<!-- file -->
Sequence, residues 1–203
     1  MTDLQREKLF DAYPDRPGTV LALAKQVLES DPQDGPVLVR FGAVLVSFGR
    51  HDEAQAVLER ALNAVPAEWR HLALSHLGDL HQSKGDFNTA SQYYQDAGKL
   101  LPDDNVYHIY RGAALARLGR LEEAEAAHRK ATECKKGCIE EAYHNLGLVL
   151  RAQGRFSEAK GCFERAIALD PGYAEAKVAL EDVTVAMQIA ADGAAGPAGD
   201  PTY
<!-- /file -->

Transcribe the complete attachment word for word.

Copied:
Sequence, residues 1–203
     1  MTDLQREKLF DAYPDRPGTV LALAKQVLES DPQDGPVLVR FGAVLVSFGR
    51  HDEAQAVLER ALNAVPAEWR HLALSHLGDL HQSKGDFNTA SQYYQDAGKL
   101  LPDDNVYHIY RGAALARLGR LEEAEAAHRK ATECKKGCIE EAYHNLGLVL
   151  RAQGRFSEAK GCFERAIALD PGYAEAKVAL EDVTVAMQIA ADGAAGPAGD
   201  PTY